For Israel in the 1950s, central place theory proved a tempting way for planners to decide where to direct growth, particularly development towns and farming villages to be populated by the influx of new immigrants. Planners engineered a hierarchical system from small farming villages, or moshavim, to large cities, and in many cases they were placed with geopolitical considerations, such as Kiryat Shmona on the border with Lebanon, and Ashdod, which was intended to be a second port out of rocket range.
But nowhere did central place theory play as large a role as it did in the mostly empty Lachish region, a flat and arid expanse sitting between Israel’s southern coastal plain and the southern end of the West Bank.
“As most of the development towns were planned as service centers for rural districts around them, it seemed relevant to apply central place theory to determine their location and size,” planner Arie Shachar wrote in 1971.
In the Mandate period, the Lachish region had been dominated by the Arab towns of Iraq al Manshiya and Faluja. During the War of Independence, the area saw heavy fighting between Israeli and Egyptian forces and all the inhabitants left, either by choice or by force, according to different historians.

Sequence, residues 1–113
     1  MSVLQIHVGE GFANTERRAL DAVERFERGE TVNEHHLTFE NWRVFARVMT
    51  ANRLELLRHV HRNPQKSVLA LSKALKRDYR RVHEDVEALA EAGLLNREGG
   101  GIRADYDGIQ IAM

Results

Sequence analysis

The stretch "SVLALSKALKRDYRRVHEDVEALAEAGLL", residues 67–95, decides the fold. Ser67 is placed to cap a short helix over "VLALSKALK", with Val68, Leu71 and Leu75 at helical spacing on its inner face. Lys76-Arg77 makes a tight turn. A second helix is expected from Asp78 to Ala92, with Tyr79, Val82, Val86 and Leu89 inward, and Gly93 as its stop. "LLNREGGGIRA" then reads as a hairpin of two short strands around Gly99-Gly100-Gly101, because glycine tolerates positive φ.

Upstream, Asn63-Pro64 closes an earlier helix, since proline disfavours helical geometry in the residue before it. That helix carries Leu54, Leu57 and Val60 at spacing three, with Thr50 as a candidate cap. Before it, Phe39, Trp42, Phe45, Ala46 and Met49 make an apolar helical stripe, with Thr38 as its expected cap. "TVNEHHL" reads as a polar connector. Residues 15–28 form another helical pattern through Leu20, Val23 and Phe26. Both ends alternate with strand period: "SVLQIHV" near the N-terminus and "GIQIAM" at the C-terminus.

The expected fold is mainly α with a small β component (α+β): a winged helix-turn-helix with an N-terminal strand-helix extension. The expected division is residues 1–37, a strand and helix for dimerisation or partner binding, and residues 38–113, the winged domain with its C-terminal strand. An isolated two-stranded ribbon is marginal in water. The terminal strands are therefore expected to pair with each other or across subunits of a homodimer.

What was left was an empty area in which a purer form of Christaller’s theory could be applied.
“They found a lot of empty spaces and were troubled about how to better use their resources to develop the country,” said Ilan Troen, a professor at Brandeis University and the author of “Imagining Zion,” about Zionist planning. “The people who were engaged in planning had it in mind in creating a modern society. Christaller was a leading person in that regard.”
What was created, and what still exists today, was a system of small villages feeding into larger service centers, which all fed into the large development town of Kiryat Gat. Everything is placed, as much as possible, according to mathematical models and hexagonal patterns pioneered by Christaller and later revised by Auguste Losche, another German planner who was able to find success despite rebuffing the Nazis.
Christaller and Kiryat Gat
Most planners maintain that Israeli officials at the time had no idea about Christaller’s past, only that he and his theory were popular in the West, where it was applied in the Netherlands and the US, among other places.